So why isn’t the low-carb approach consistently taught to patients upon diagnosis? Why isn’t it being advocated by nutritionists (at least the three we have met with)? Mark and I had to figure it out for ourselves (helped along by communities we found on the Web). We certainly don’t succeed in getting Bisi to eat low-carb all the time, but it’s a goal we’re working toward, and one we hope she’ll internalize as she grows up and makes her own decisions about what she’s going to eat—and how she’s going to manage this condition.

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sueOnooshRichard David FeinmanMary DexterAdele Recent comment authors
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sue
sue

my daughter was diagnosed with DT1 three weeks ago, and though we were pretty low carbs before – no sugar, occasional bread – having researched just a little, we are trying to go gluten free, sugar free and low carb – my daughter gets about 20-30g a meal, maybe 5-10g for snack. however, she is 2 and 4months and is basically living off of nuts, broccoli, eggs, avocados and chicken, with the occasional other. Being still in shock, I am going back and forth with how much carbs to include given the insulin shot before the meal. I worry she… Read more »

Onoosh
Onoosh

Thank you, Dr. Feinman, and to your colleagues on the paper, for casting a strong light on this problem. I think you’re right about the “stubbornness of the medical establishment” (and government) and the dangers that presents to both diagnosed and pre-diagnosis diabetics. Diabetics need to do their part in educating both themselves and their physicians. My poor doctor is used to me sending him, in advance of my visits, information he has probably just not had time to look for, or leisure to read—until I pressured him—which have made him say more than once “I didn’t know that!” I… Read more »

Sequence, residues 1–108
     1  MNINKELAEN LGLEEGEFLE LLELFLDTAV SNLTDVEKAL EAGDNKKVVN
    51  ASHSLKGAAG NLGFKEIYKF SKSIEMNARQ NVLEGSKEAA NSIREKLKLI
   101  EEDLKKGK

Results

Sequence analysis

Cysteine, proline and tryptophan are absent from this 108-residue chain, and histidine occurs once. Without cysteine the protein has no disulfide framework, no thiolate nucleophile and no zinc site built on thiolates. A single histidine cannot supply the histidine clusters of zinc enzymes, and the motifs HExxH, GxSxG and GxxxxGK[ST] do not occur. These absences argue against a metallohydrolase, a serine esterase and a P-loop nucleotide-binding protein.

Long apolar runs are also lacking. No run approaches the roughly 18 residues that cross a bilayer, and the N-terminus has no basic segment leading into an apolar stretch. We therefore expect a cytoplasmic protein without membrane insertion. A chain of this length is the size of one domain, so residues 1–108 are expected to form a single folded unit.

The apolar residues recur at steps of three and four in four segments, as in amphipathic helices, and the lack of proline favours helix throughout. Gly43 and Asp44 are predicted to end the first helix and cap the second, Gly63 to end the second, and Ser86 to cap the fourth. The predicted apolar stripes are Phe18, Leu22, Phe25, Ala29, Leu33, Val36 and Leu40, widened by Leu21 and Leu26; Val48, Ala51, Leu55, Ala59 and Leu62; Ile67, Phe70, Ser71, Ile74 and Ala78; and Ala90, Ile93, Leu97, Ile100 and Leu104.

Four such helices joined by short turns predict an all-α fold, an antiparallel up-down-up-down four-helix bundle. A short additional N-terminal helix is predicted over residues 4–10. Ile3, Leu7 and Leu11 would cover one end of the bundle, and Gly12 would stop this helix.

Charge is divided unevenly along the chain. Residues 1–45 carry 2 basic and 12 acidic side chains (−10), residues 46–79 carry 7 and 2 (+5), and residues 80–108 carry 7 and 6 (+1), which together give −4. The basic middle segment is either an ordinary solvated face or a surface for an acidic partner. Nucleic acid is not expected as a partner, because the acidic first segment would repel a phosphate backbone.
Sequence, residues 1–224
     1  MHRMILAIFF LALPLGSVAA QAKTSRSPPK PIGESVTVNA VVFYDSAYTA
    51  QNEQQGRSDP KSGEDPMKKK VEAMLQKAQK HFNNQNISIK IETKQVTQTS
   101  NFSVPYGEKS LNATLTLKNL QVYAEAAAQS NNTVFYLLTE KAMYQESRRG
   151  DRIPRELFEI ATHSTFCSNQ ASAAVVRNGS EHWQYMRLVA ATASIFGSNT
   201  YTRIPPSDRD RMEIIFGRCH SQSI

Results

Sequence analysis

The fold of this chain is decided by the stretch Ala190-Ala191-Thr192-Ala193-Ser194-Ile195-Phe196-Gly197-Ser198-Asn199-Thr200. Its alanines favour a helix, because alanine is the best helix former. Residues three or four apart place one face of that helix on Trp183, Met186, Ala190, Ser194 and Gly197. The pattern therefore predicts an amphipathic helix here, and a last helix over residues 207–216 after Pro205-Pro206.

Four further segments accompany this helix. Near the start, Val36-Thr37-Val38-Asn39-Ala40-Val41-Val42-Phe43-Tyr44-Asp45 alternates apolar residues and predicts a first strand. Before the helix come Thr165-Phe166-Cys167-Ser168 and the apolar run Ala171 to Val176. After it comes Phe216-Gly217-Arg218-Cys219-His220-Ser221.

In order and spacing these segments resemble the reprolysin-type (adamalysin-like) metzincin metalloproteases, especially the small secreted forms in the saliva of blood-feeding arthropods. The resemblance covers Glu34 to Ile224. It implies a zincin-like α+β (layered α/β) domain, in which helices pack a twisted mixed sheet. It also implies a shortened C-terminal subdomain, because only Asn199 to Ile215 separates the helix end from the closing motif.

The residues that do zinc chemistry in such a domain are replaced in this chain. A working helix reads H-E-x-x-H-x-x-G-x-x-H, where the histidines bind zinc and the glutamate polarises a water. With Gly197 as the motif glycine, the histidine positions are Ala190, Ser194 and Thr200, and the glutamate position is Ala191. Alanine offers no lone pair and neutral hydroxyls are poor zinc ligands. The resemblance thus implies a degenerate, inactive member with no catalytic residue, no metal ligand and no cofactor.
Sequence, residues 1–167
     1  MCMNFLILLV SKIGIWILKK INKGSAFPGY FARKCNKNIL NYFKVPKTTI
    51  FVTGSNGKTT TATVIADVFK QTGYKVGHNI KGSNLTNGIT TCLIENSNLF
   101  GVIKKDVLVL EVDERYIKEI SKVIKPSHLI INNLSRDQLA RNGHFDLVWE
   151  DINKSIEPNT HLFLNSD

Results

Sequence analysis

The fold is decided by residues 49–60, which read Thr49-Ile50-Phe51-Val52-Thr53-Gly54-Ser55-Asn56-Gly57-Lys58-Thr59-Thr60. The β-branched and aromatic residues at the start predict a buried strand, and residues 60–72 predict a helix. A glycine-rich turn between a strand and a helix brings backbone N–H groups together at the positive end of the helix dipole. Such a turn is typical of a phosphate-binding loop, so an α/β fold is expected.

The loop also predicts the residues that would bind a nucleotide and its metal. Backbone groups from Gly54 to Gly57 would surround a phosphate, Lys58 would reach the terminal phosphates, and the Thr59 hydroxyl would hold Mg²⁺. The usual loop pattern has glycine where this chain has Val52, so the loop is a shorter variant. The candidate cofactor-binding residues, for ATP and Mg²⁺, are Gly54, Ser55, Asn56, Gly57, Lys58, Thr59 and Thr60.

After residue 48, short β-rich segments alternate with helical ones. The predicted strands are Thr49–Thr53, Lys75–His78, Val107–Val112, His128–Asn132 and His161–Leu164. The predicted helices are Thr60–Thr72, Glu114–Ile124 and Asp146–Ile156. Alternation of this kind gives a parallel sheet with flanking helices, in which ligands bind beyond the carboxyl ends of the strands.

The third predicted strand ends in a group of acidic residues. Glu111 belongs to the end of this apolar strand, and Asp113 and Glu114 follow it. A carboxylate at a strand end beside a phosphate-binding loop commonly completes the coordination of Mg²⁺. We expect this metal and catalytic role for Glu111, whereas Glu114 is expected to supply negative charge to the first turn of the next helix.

Richard David Feinman

I was the lead author on the paper that you cite. I am grateful for your calling attention to our work. I think, in the end, your compelling description of the problem is the kind of thing that will over-power the stubbornness of the medical establishment. I think that you have a right to ask for an explanation and you can write to the ADA and ask why your experience is so out of line with their position. Let us know what they say.

Mary Dexter
Mary Dexter

Dr. Frederick Allen’s Starvation Diet was low-carb, high protein. Then Joslin was worried the fat and protein might contribute to kidney failure, heart attacks and stroke. For years, the ADA advocated a high-carb, low fat diet.  Only recently, have they modified that position.  Dr. Bernstein’s diet is too extreme for me to follow.  I would have to give up cooking for and eating with my family, which would affect my mental health and my support system.  I average somewhere between 35-60g/meal, which is high according to Bernstein, but a tiny fraction of what others are eating when I venture out of my home.

Onoosh
Onoosh